4 Ways Prohibition Shaped Las Vegas
Las Vegas is the city that defies all odds. In the middle of the desert, you can glide over the Venetian canals in a gondola, or walk down Fremont Street under an electric sky.
It also has a proud history of shirking authority.
This city was built on defiance.
In fact, some of the best-known staples of Las Vegas culture came about as a result of noncompliance during the prohibition era.
Here’s how alcohol prohibition shaped our culture and created these 4 iconic Vegas features:
How Prohibition Shaped Las Vegas
1: The Mob, and therefore, The Strip
Prohibition built The Mob.
The Mob built Vegas.
Without organized crime, there would be no Las Vegas Strip, casinos probably wouldn’t run nearly as efficiently, and it’s likely that the city never would have become a glamorous tourist destination at all.
The Strip was built by gangsters like Bugsy Siegel, who chose to erect their casino resorts outside of actual Las Vegas city limits to avoid the pesky city government.
At that time, Las Vegas was Fremont Street. When The Flamingo was built, the area around it was just a desert.
Today, casinos are owned by corporations instead of crime families…
Though some people might claim there’s little difference between the two.
To learn more about how organized crime’s impact on Las Vegas history we recommend you visit the Mob Museum (300 Stewart Avenue Las Vegas)!
2: Women in Bars
In Las Vegas and across the country, young men and women congregate in bars, hoping to intersect.
Until prohibition, though, bars were strictly for men only.
Earlier than the 1920s, the only women you were likely to find in bars or saloons were the kind that were available for rent, and any “respectable” lady would never set foot in such an establishment.
It was only when bars became totally illegal that women began congregating in speakeasies.
The 1920s were a pivotal time for women’s rights and culture – prohibition laws were passed largely because of female political influence.
With their increased political importance, women began boldly stepping into other male-dominated arenas, and for the first time in history, men and women drank hooch side-by-side in public.
The moral of a story:
If you want a woman to do something, make it illegal.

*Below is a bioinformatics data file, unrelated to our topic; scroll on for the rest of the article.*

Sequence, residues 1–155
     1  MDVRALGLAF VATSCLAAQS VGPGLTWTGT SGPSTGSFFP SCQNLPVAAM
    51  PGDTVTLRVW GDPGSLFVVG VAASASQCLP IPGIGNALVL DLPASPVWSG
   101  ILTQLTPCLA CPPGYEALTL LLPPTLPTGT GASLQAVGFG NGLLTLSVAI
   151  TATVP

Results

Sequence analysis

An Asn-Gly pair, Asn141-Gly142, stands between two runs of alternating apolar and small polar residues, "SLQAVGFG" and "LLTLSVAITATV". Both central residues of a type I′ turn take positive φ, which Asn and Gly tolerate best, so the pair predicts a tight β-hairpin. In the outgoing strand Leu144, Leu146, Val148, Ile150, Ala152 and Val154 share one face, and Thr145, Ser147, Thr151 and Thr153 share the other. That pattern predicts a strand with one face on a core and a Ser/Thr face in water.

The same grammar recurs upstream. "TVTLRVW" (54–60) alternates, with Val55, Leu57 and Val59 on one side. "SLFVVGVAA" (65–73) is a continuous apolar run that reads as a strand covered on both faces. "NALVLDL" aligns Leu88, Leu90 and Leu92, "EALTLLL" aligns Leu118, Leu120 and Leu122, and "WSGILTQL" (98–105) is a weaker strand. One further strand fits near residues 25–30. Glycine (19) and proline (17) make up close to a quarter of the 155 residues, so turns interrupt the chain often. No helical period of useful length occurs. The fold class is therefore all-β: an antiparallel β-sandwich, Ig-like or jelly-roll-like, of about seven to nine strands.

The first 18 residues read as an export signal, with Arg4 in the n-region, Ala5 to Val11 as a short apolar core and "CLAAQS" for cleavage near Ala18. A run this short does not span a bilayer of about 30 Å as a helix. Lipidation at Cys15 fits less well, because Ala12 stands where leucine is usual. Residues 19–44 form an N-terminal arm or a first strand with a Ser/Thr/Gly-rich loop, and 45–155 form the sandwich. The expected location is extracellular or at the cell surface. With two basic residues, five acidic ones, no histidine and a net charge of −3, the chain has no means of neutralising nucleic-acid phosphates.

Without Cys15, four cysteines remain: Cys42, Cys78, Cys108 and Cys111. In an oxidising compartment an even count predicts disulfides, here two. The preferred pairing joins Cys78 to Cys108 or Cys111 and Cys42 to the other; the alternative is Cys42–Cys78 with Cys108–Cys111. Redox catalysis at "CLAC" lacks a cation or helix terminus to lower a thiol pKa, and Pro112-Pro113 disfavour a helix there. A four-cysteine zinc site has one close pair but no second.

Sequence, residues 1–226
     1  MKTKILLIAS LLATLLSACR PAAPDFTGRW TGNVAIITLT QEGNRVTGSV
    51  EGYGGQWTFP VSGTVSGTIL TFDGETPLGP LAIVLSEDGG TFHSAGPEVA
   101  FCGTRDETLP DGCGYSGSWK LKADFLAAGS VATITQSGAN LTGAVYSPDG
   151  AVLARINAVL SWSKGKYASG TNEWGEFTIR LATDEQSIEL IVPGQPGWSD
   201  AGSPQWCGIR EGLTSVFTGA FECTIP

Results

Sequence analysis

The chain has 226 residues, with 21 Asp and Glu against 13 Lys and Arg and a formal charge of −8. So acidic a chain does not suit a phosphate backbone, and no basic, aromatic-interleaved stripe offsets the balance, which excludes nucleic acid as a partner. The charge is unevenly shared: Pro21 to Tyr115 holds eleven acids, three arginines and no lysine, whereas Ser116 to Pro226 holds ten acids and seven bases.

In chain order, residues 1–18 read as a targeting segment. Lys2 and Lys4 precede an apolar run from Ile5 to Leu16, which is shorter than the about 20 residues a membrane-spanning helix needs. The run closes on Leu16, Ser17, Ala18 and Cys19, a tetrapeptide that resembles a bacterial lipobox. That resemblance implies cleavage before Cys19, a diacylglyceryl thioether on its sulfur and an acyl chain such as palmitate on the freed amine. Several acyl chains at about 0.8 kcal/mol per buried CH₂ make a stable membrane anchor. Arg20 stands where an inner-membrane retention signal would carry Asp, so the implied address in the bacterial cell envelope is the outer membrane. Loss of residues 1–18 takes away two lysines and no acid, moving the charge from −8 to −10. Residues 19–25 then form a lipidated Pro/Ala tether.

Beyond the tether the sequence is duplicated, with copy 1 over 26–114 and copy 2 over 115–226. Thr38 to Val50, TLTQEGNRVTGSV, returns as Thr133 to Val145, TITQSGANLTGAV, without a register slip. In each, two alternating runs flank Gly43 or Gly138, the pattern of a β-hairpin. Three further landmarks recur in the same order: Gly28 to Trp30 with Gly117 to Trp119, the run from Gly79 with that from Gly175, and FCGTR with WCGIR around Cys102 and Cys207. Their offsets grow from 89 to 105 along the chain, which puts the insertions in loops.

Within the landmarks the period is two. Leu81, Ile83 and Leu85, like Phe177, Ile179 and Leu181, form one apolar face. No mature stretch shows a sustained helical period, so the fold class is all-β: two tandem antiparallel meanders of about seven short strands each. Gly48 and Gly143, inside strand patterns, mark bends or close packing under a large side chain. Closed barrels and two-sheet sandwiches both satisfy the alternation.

3: Mixed Drinks
Cocktails weren’t invented during the prohibition era, but they experienced a spike in creativity and popularity as speakeasies started offering mixed drinks as a way to mask the taste of sub-par illegal alcohol.
Even if a bootlegger managed to get his hands on high-quality hooch, he was likely to dilute it with water to make it stretch and turn more profit.
Often, though, the alcohol wasn’t good.
Wood grain alcohol, bathtub gin, and home-distilled moonshine were common, disgusting, and dangerous.
Speakeasies began mixing drinks with colas, honey, fruit juices, syrups, and other sugary mixers to mask the awful taste of bad hooch.
Some prohibition-era cocktails are still popular in Vegas bars today, including the Mint Julep, the Tom Collins, the Sidecar, and the Whiskey Sour.
Before prohibition, dating wasn’t a thing.
Courtship was the tradition – young people spent time together with a chaperone, and it was assumed that these supervised meetings would lead to marriage.
As more women asserted their independence, especially in speakeasies, supervised courtship went the way of the dodo.
Young ladies wanted to go out and have a good time with a guy, whether they intended to consider marrying him or not.
On the other side of the spectrum, prohibition brought more women into politics and was a major contributing factor in the women’s suffrage movement. The women who were campaigning for a dry culture were also campaigning for the right to vote about their own future.
Many of those women saw dating as a way for women to exercise their liberty.
Without that shift towards dating for fun, Vegas would be a very, very different place, wouldn’t it?
After all, Las Vegas wouldn’t be Sin City without a little history of sin.